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Biological Chemistry

New Zealand glowworms use an all-new luciferin

Mechanism of twinkling critters’ bioluminescence had been elusive

by Katharine Sanderson, special to C&EN
March 8, 2018 | A version of this story appeared in Volume 96, Issue 11

Glowworms shine bright on the ceiling of a New Zealand cave.
Credit: Courtesy of Kurt Krause and Finnian Riley
Glowworms shine bright on the ceiling of a New Zealand cave.

Deep inside New Zealand’s darkest caves and dampest forests lurk astonishing creatures that put on a breathtaking light show. New Zealand’s unique glowworms draw tourists in droves to marvel at the eerie blue-green glow dotting cave roofs and tree branches.

Now, researchers at Otago University, on the country’s southern island, have worked out that a unique molecule makes the worms glow (Sci. Rep. 2018, DOI: 10.1038/s41598-018-21298-w).

Like fireflies and other bioluminescent creatures, the New Zealand glowworms’ (Arachnocampa luminosa’s) glow comes from the oxidation of small molecules called luciferins, a reaction catalyzed by luciferase enzymes. This study concludes, however, that the worms’ luciferin is entirely different from that of other critters.

Identifying the unique luciferin used by the worms wasn’t easy, as biochemist Kurt Krause explains. “The identification of the luciferin precursors and luciferin candidates was very, very challenging and it left me a bit in awe of my chemistry colleagues,” he says. “For starters the number of glowworms that are obtainable is pretty limited and their light organs are tiny. In addition, the bioluminescent material was sensitive to oxygen and time. So it was a race against the clock with tiny amounts of material.”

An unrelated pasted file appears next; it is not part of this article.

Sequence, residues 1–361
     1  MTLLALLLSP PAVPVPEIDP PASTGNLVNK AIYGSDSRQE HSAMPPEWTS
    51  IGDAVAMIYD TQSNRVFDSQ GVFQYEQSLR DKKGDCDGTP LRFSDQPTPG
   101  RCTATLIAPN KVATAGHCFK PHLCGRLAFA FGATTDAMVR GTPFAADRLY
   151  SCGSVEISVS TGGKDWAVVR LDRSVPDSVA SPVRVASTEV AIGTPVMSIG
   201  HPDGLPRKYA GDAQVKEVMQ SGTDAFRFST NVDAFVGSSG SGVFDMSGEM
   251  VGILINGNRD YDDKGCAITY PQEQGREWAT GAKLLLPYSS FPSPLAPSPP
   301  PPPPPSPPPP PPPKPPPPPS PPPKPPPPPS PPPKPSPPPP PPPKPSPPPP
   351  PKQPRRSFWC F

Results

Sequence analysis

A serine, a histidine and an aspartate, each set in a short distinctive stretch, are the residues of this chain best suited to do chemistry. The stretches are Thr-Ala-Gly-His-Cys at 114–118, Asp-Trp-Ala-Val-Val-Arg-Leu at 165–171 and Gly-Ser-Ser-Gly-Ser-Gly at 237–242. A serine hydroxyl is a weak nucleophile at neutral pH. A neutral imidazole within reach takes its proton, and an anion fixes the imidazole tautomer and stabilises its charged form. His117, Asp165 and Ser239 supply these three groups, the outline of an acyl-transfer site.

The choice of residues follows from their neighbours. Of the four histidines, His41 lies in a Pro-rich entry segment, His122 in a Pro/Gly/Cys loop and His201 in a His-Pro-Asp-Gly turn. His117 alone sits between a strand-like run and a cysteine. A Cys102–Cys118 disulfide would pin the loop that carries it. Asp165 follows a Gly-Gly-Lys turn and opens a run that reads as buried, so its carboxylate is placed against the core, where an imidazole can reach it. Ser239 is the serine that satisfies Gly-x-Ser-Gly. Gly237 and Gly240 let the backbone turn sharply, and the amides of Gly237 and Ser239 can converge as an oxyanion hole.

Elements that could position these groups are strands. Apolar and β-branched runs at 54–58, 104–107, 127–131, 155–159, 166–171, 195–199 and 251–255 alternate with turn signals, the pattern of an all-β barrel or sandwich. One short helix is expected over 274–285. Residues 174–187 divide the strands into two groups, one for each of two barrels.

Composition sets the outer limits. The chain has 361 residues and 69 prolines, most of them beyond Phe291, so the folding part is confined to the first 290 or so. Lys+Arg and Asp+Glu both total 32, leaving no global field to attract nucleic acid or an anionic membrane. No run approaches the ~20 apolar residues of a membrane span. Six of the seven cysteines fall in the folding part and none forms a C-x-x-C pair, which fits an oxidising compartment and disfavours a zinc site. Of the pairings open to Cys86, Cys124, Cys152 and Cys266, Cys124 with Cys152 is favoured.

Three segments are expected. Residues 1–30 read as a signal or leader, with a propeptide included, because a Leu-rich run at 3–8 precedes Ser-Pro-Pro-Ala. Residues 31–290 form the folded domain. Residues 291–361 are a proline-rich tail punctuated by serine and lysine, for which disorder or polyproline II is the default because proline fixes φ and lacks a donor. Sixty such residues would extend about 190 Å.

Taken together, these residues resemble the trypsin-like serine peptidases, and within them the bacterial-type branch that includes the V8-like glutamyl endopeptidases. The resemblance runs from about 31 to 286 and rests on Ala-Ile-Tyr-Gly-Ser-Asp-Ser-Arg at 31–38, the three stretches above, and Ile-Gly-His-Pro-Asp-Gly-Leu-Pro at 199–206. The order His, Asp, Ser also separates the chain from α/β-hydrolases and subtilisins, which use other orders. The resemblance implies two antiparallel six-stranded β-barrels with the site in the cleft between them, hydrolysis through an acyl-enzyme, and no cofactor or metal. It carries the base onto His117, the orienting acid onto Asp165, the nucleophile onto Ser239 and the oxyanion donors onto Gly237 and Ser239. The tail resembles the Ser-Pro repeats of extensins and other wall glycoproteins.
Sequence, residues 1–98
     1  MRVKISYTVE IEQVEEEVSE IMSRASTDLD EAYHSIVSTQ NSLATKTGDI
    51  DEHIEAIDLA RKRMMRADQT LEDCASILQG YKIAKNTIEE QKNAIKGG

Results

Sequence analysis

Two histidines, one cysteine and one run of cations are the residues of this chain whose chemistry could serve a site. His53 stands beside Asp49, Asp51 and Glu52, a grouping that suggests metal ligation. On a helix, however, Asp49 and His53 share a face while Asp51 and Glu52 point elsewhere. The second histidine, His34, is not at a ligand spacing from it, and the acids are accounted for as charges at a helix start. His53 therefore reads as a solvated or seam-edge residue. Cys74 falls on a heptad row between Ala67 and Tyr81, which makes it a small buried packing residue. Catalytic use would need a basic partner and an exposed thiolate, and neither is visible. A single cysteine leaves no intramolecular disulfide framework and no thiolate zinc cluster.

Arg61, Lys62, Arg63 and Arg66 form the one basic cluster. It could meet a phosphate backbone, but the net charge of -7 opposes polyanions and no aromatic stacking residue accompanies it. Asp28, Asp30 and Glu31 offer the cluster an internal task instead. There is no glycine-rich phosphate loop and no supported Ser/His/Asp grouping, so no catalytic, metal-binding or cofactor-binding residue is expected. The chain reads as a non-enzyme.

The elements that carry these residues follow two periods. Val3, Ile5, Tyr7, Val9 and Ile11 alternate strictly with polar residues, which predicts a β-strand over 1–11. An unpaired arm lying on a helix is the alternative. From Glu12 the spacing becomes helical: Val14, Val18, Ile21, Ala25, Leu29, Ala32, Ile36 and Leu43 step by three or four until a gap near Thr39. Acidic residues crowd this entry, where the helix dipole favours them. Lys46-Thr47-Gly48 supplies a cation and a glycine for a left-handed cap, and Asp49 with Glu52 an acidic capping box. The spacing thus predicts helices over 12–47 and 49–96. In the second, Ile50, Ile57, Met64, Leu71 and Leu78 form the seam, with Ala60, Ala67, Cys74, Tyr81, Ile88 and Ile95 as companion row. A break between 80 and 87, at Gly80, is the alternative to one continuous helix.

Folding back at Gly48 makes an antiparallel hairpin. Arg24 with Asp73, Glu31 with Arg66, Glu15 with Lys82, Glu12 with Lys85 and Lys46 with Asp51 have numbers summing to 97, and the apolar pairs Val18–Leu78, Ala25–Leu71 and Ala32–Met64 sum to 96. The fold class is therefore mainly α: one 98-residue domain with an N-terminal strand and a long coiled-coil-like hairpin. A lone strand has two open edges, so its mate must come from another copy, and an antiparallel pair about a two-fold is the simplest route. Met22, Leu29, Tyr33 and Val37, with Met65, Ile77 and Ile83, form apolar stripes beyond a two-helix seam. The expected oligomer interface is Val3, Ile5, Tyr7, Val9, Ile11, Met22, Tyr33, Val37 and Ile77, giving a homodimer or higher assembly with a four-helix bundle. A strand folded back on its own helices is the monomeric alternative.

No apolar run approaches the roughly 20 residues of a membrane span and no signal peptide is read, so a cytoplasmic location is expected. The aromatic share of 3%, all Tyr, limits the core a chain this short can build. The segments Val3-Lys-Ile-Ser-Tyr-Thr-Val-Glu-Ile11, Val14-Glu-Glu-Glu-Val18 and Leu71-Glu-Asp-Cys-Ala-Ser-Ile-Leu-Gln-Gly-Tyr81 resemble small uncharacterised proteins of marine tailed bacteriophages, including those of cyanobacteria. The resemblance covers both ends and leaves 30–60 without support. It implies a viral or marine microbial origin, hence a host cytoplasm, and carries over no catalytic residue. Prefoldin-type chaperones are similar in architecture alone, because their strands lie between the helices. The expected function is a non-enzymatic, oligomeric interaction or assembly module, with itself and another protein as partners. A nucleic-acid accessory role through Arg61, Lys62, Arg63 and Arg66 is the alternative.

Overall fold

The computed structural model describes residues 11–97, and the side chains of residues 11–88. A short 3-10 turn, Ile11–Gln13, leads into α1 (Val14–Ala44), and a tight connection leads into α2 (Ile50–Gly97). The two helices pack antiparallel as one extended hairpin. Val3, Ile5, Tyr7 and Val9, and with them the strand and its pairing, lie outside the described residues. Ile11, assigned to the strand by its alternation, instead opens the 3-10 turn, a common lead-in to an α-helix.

Nevertheless, the team did scrape together enough material to characterize using chromatography, mass spectrometry, and NMR spectroscopy. From the isolated luciferin, the team discovered that two precursors were responsible for the glow: xanthurenic acid and tyrosine. This combination of precursor hasn’t been seen in other glow worms, Krause says.

With the precursors identified, the team is now working to confirm the luciferin structure they make. They aim to synthesize it in the lab with the goal of exploiting the bioluminescence for applications in disease tracking and identification. Having a newly-identified bioluminescent molecule is exciting, says Marie Heffern, from University of California, Davis, whose group employs these tools regularly. Until recently, she says, firefly and renilla luciferases were the only options for investigating bioluminescence, and the newly identified system will expand the toolbox. “From a chemical standpoint, it will be quite interesting to see any work towards determining the complete structure of the substrate,” she says. “This will provide a new chemical handle for the development of chemoreactive substrates for molecular imaging.”

CORRECTION: The photo caption on this story was updated on March 16, 2018.



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